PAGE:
Bad Dress Rescue

1-horzYou just don’t know where inspiration will hit you.  I was walking past Laura Ashley – a shop from which I’ve never bought anything – when in the window I saw a dress very much like the one I made a year ago, lying crushed at the bottom of the mend pile.

1 Velvet Laura Ashley DressThe Laura Ashley velvet dress (reduced to £84) is dark blue with beads on the front arranged like flowers.  A  band of sheer (not that it shows here) fabric at the hem, double-sided, is a great solution if the dress you make is a bit short, though you may need to hunt around for the perfect match.  When I unpicked the hem that I’d hand sewn quite messily, I found enough length not to bother with a sheer panel.  Instead, I did as suggested in the original Blue Velvet post and used a bias strip of organza to hem the dress which required only 1cm off the dress’ length (the strip is turned under and catch-stitched).

Organza bias strip hem

Organza bias strip hem

I took me a couple of hours to add the beads, and that’s including a bit of practice on some scraps.  But my bead placement is different from the inspiration.  I put the dress on and looking in the mirror decided where to place the flowers, avoiding, ahem, ‘areas of controversy.’

Another improvement came via Kate who suggested not to molly-coddle the velvet but to allow it to age – and go boho.  I washed the dress and thinking ‘what have I got to lose?’ tumble dried it.  This fluffed up the nap and as a side-effect, the blue colour has deepened, i.e. not being as flat, it’s not as silvery and reflective.  Having said that, it’s all quite subtle and this is a difficult fabric to photograph!

1 dark blue

1 bveBut the best decision was to ditch the collar.  Initially, I’d fixated on the idea of making a velvet dress with a lace collar and, having got what I wanted, couldn’t admit it wasn’t working.  I’m sure you know the feeling, be it with dresses or relationships!  It made me feel prissy.  And also a little bit like a Jacobean gentleman 😯  I  could always see the collar ‘in me peripherals’ and it was giving me bad vibes.

But the collar is saved and will look nice on a T-shirty blouse, some day.

1t guido

Dark blue Organza: from Unique Fabrics, Goldhawk Road (which is where the original velvet was from).  I only bought 0.25m, as you can guess from the seam in the bias strip!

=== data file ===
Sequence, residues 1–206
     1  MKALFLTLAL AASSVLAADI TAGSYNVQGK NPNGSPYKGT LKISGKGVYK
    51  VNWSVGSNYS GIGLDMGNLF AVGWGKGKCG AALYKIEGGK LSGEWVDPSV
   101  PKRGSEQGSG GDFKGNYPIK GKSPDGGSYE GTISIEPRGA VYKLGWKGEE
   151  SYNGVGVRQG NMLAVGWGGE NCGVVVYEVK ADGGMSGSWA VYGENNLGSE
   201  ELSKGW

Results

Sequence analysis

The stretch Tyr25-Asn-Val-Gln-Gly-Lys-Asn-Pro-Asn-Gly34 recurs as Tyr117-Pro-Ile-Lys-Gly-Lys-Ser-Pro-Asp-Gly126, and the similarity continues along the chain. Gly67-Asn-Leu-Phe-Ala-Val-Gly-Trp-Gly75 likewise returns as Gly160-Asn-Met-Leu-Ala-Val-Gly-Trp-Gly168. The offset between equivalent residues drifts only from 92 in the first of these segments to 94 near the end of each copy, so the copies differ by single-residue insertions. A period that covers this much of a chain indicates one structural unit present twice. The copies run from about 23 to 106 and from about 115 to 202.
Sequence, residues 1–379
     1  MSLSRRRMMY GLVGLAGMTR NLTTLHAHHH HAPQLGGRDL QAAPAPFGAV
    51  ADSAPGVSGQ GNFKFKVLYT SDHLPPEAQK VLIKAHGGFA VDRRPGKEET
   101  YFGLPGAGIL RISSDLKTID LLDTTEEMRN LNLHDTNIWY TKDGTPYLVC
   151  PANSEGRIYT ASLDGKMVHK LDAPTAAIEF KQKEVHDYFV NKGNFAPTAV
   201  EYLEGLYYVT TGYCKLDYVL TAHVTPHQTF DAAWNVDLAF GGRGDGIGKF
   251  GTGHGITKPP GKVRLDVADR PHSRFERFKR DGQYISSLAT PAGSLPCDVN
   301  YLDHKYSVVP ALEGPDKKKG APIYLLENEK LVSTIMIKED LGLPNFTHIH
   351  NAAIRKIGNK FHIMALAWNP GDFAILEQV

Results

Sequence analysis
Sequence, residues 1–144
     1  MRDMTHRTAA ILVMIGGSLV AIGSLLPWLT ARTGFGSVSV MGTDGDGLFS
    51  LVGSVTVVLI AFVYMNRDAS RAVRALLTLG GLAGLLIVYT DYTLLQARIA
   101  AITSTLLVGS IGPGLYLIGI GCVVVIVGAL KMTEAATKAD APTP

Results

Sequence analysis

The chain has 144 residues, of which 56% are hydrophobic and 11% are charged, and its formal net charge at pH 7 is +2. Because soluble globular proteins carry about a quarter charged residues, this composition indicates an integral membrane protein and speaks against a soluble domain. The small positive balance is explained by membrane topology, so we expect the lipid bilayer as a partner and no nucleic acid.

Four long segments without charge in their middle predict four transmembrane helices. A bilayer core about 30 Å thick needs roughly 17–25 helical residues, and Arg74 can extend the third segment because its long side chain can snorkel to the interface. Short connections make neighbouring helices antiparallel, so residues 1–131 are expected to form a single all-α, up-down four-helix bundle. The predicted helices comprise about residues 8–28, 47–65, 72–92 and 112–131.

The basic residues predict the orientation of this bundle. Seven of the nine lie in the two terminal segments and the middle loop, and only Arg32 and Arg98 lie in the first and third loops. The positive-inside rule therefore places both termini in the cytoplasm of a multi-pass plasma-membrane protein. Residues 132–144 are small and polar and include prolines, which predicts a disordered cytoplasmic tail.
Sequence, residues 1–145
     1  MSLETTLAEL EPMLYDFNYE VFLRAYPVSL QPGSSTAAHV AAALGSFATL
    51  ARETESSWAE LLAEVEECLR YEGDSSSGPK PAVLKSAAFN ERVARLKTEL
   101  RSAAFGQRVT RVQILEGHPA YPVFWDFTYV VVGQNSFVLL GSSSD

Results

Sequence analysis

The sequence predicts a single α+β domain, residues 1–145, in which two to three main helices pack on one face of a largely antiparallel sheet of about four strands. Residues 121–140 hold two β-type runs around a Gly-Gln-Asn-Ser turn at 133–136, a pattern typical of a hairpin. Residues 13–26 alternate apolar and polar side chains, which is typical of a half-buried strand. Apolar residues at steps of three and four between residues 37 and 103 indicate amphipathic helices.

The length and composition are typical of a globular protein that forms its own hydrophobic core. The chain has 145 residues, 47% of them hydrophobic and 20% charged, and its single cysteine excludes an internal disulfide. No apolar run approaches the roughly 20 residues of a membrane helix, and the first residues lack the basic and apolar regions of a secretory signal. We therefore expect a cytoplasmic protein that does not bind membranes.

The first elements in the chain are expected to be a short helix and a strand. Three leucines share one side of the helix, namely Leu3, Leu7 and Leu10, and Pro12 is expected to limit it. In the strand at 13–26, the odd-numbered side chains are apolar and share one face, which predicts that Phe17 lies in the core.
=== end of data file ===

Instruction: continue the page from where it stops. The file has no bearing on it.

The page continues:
Dark blue beads from Beadworks, Covent Garden.

1 cluster

Blue Velvet

1 Silk velvet and applique lace collar

A few weeks ago I ran in a race where the ground was a variety of mud hitherto unknown to me.  Greased it seemed, this particular stretch of North Kent coastline.  Running felt like passing across rugs being swiped sideways from under me.  I made it to the finish but by then my mind had dismissed the whole experience as a bad dream.

Next year I’m gonna give this particular race another go, with spikes in my shoes!  And once the winter party season is here again, I’ll also give silk velvet the proper attention it deserves because, like with the run, getting to the end of this dress was achievable but at compromise to quality. Stitching lines drunkenly meandered left and right. Bust darts bore no resemblance to their name. And as for that uneven hem?  Not only shoddily sewn, I failed at cutting too: the hem truncates my legs exactly at that thickened point where the quad muscle and thigh fat gloopily combine.  Lovely.

The trouble is I had to rush.  Two parties loomed on the same weekend with two days of sewing available and I hadn’t a stitch appropriate to wear.  In the realm of the Great British Sewing Bee – a TV programme which should be rated 18+ for scenes of sustained peril –  two days might seem aplenty.  But when you feel the necessity for French seams and put in a lining, then have to clear your entire fluff-ridden work space to serve meals to a horde of ingrates….   Oh dear

1 Front collarPattern: the block, bodice and skirt. Waist darts changed to ease, shoulder dart moved to bust.

Neckline shaped to fit the lace collar (from Etsy.)

Fabric: silk-backed velvet (£12 a metre) from Unique Fabrics, Goldhawk Road.  You’ll find the silk velvets in a small corner of the basement which glows: amethyst, jade, tanzanite.  I went for sapphire this time.  The lining feels lovely and is either from Unique Fabrics or their sister shop two doors along.1 back collar1 Back collar and closure

Fastening: back opening, button and thread loop.  Excellent thread loop tutorial here.  This is my favourite bit and I wish I had a decent photo.  In the top one, I’ve raised one arm to pull up hair.  The light was gloomy for the second.

Clarks Chorus ThrillShoes: Clarks “Chorus”.  Gorgeous, sumptuous, comfy.  But heel height is all wrong for me.  I might send them to the Shoe Collection at Northampton Museum – every donation tells a story!

Links: Debra H has brilliant tips not for just sewing silk velvet but also washing it, pressing, marking, interfacing…. none of which I read before making my dog’s dinner.  Colette patterns published a tip yesterday about fabrics that drift.  Let me know if anything worked for you.  And of course, Prof. Pincushion.

Rescue package: The double hem is hand-sewn so it shouldn’t take long to unpick and redo after claiming some extra length.  As Debra suggests, I’ll use an organza bias strip to sew to the edge, then flip to the inside and catchstitch.  With a bit of luck, it’ll give this floppy, wayward fabric a soft but defined edge.

1 Jacobite GentlemanIs this a keeper, do you think?  If yes, what do you suggest I style it with (is the mad hair a bit much?  I can straighten it, you know!)?